You may have heard the claim that seniors don’t need as much sleep as the rest of the adult population. After all, the older we get, the earlier we rise. While this may be true for many seniors, it doesn’t indicate that older people need less sleep. Seniors need seven to nine hours of rest each night just like everyone else.
It is true that older adults tend to wake up earlier, which may be why people assume they need less sleep. Early rise times could be due to decreased melatonin production or increased sensitivity to their surroundings.
Seniors are also more likely to develop a circadian rhythm disorder known as “advanced sleep phase syndrome.” People with this syndrome become tired in the early evening and often wake up between 3 and 5 a.m. when they’d rather stay up late and sleep in. This can cut into someone’s social life and even cause sleep deprivation if they try to fight their natural urge to fall asleep.
Scientists aren’t sure what causes this shift, but genetic predisposition seems to play a role.
In addition to falling asleep and waking up earlier, seniors also get less satisfying sleep than the rest of us. They spend less time in the rapid eye movement (REM) cycle where the body is relaxed and dreams take form. Older people also wake up three to four times during the night on average.
Sometimes insomnia is the direct result of a physical or mental problem. Many diseases and disorders can keep seniors up at night, including:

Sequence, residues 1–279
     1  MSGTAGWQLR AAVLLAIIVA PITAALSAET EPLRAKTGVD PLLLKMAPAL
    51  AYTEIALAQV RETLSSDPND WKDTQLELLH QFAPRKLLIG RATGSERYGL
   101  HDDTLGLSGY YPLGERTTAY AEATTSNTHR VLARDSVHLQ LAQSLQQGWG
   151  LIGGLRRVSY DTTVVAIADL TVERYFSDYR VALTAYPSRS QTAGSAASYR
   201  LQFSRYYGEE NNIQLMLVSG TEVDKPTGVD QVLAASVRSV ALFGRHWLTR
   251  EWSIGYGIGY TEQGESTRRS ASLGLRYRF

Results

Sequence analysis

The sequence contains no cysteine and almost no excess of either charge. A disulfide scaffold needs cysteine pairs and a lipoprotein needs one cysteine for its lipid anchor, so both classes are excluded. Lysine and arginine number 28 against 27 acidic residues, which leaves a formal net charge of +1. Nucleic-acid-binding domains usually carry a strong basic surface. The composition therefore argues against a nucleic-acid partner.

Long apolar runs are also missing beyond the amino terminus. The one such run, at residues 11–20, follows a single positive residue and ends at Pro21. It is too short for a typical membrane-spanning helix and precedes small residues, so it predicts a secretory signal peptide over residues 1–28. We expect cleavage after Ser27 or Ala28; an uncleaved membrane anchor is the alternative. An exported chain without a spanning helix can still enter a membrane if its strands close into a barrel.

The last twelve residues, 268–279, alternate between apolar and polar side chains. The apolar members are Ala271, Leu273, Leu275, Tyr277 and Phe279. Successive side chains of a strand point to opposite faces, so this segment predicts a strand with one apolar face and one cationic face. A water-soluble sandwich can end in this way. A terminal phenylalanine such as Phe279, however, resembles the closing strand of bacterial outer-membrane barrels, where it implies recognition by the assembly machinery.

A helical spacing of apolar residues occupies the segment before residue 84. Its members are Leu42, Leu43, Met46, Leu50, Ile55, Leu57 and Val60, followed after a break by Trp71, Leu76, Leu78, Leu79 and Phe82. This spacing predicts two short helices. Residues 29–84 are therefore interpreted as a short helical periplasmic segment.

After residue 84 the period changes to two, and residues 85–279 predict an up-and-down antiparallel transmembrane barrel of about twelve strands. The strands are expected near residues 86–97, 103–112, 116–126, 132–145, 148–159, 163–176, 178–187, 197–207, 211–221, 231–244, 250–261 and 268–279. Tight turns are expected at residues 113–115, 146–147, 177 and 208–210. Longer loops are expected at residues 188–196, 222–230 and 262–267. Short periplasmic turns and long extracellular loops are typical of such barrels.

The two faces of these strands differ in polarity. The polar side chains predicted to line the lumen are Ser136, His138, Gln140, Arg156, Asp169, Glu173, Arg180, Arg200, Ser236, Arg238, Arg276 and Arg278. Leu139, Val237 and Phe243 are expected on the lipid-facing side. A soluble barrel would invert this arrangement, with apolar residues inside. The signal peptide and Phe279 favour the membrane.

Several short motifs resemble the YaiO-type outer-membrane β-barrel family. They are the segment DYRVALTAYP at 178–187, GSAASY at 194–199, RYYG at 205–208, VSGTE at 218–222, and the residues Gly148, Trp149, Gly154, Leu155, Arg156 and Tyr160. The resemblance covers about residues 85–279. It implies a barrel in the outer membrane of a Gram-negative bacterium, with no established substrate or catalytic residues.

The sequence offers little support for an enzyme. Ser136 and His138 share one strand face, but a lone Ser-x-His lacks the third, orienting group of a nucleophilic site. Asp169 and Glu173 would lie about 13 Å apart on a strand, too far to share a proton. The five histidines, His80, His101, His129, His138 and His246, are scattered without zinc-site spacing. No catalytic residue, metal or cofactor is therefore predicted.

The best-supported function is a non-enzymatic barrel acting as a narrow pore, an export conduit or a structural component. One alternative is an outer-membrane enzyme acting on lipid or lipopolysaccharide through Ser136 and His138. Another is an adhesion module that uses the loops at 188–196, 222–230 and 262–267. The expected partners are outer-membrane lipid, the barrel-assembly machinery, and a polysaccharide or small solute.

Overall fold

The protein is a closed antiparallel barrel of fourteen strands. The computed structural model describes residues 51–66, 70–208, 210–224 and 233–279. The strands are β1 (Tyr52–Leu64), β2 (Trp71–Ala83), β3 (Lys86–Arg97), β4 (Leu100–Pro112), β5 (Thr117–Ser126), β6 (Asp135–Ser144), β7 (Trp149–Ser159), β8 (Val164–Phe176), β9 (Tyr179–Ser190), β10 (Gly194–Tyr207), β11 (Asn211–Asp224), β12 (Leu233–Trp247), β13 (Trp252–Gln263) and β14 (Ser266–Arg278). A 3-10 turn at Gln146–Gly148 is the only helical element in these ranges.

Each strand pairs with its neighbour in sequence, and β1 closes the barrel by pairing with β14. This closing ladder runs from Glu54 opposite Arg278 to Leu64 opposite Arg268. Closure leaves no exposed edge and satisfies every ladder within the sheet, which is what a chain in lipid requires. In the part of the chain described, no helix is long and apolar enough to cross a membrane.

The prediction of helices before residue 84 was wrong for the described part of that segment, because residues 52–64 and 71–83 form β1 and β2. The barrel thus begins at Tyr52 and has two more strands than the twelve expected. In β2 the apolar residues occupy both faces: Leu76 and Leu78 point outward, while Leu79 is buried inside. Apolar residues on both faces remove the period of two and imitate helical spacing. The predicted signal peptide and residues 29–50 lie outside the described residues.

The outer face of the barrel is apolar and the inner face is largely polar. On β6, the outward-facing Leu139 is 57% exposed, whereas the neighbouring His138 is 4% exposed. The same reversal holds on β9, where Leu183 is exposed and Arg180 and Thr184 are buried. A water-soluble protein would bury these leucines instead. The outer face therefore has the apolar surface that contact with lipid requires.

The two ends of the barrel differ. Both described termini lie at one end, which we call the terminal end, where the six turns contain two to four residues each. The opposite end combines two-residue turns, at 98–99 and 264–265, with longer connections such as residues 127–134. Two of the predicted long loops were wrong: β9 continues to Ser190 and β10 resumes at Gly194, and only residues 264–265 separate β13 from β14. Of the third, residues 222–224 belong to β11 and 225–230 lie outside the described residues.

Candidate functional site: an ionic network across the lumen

Curing insomnia may be as simple as changing medications, decreasing a dose or taking a pill in the morning instead of at night. However, some medications seniors need to manage their symptoms also end up causing insomnia. Common culprits include:
Pain is useful for alerting us to new medical issues, but chronic pain during the night only causes seniors to toss and turn, unable to find a comfortable position. Arthritis, osteoporosis and gastrointestinal problems are common sources of nighttime pain.
Nocturia, or frequent urination throughout the night, prevents seniors from falling into deep REM-cycle sleep. An enlarged prostate and diabetes are two typical causes of nocturia in seniors.
Seniors are more likely to develop sleep apnea than younger adults. This increased risk could be due to natural brain changes and an increase in the fatty tissue around the neck and tongue.
People with sleep apnea stop breathing in the middle of the night for as long as 10 to 30 seconds at a time. This typically happens many times within one night. The body will startle once it realizes the brain has no oxygen, waking the person out of deep sleep.
Sleep apnea is dangerous for many reasons, including drowsiness during the day and increased risk of high blood pressure, heart attack and type 2 diabetes.
Seniors have many unique health concerns besides sleep quality. If you are in need of long-term care, short-term recovery, therapy or rehabilitation, the friendly caregivers at A.G. Rhodes can help. We offer:
If you’re interested in signing up for one of our senior programs, contact us today at 877-918-6413.